A vote to line up Protestants in a
boycott of salacious films was taken
late yesterday by an Interdenomina
tional conference of the Federal
Council of Churches of Christ In
The conference adopted the le
gion of Decency pledge to withhold
patronage from objectionable films.
me p*eoge ana eaicationii material
will be mailed to .00.000 Protestant
pastors early In the Fall as part of
a movement for concerted attention
to the motion picture problem on
Sunday. October 21.
Twenty-five denominational agen
cies were represented at the confer
ence and will be asked to co-oprate In
carrying out the national campaign.
Dr Samuel M Cavert. general sec
retary of the Federal Council, empha
sized the Protestant campaign was not
an attempt at national censorship but
merely a means of encouraging whole
some motion picture entertainment.
Persons signing the Protestant
pledge, which Includes a declaration
of purpose "to remain away from all
motion pictures which olTend decency
and Christian morality," will not be
guided, however, by any "black list" of
pictures. They will be referred to
non-church film appraisaJs.
The promotion work will be In
trusted to the Federal Council’s Spe
cial Comlmttee on Motion Pictures,
headed by Ret. Dr. Harold McAfee
Robinson of Philadelphia, secretary of
the Presbyterian Board of Christian
The council campaign will be di
rected br Rev. Dr Worth M Tippy,
head of the department of social serv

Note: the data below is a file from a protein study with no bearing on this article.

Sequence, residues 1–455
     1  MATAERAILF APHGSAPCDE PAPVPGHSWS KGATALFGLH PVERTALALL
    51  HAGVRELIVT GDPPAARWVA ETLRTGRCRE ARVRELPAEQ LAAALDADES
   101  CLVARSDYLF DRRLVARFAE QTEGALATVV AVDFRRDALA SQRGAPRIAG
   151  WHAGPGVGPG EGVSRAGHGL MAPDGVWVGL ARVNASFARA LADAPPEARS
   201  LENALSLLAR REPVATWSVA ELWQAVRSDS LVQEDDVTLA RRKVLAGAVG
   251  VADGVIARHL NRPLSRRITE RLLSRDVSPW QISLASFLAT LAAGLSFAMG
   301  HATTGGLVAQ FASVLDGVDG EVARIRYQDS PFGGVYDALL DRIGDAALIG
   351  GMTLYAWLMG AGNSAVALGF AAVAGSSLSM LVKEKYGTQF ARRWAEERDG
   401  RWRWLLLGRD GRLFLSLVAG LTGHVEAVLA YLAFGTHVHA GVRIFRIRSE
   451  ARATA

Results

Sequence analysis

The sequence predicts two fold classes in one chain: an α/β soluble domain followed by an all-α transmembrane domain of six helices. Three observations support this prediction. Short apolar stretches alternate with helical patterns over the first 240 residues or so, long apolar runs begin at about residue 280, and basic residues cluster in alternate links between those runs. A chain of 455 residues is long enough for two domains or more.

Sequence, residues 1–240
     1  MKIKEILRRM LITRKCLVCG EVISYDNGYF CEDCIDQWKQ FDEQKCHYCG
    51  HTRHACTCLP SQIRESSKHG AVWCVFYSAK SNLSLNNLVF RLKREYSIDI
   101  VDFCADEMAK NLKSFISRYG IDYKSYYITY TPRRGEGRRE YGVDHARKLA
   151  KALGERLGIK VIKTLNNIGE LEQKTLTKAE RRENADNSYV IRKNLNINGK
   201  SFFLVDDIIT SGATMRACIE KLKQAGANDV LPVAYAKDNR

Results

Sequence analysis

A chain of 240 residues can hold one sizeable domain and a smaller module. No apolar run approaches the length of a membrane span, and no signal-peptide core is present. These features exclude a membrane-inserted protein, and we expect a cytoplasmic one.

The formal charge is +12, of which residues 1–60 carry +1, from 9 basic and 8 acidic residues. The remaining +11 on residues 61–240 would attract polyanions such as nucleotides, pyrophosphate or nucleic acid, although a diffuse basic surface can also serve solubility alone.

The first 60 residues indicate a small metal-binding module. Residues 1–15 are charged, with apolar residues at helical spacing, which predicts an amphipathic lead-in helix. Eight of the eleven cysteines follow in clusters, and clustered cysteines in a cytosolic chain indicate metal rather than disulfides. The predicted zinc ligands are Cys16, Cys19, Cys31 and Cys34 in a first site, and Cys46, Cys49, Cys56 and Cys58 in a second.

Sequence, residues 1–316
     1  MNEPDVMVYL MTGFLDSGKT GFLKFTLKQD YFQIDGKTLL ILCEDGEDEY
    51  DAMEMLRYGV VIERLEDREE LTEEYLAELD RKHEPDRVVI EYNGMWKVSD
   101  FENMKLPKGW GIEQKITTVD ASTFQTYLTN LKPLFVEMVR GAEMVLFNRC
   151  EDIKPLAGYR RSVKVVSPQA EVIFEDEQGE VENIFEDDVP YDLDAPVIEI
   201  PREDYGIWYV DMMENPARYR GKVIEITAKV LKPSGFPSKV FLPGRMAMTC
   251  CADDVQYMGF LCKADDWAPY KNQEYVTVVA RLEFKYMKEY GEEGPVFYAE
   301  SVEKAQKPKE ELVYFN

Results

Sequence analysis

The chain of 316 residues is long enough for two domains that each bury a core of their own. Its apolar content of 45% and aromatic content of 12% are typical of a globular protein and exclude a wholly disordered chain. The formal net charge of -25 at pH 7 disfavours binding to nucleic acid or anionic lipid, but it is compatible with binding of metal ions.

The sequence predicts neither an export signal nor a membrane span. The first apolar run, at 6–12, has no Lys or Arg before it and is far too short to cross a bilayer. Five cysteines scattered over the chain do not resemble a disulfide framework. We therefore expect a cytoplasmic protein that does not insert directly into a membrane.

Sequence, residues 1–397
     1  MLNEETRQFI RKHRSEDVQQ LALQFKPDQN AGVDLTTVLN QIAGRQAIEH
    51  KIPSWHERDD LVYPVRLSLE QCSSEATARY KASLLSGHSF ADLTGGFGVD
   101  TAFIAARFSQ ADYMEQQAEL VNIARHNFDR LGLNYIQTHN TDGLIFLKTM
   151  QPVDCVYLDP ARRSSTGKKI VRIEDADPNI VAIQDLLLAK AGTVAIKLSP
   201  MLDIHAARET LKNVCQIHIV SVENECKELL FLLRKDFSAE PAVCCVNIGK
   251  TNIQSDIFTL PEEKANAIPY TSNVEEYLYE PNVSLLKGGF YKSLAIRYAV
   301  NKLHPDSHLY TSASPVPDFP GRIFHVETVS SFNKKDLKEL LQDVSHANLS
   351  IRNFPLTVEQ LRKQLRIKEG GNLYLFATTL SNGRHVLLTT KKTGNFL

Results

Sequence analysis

RETAIL LIQUOR GROUP
WILL MEET TOMORROW
Exclusive Beverages Dealers
Pledge Aid in Cleaning Up
The Exclusive Retail Liquor Deal
ers Association, formed about three
weeks ago by a group of merchants
dealing only in liquor, beer and wine,
will hold its second meeting at 10
am. tomorrow in the Pan-American
room of the Mayflower Hotel
The association has pledged co
operation with District officials in
cleanfng up "undesirable" practices In
the liquor trade here.
ARMY AMBULANCE BODY
ELECTS CAPITAL MAN
Edward fox Named Commander
of the South at Atlantio
Edward Fox of this city yesterd
was elected commander of th<
at the annual meeting of the
States Army Ambulance Assoctat
at Atlantic City, according to an
seriated Press dispatch. , J
Fox. who lives at 3700 Masai*
chuwtts avenue, is advertising maa*
ager of the Quartermaster Review. «
Fred 8as.se, Flushing, l^ng Island,
was elected national commander of
the association. Other officers lg^
elude: Vice commander, P. Robot!
Moxon. Philadelphia, commander of
the North, Car Morse Cleveland, snet
commander of the West. Oscar Mull*,
mam bring this adv. mammmmmim^maaaam*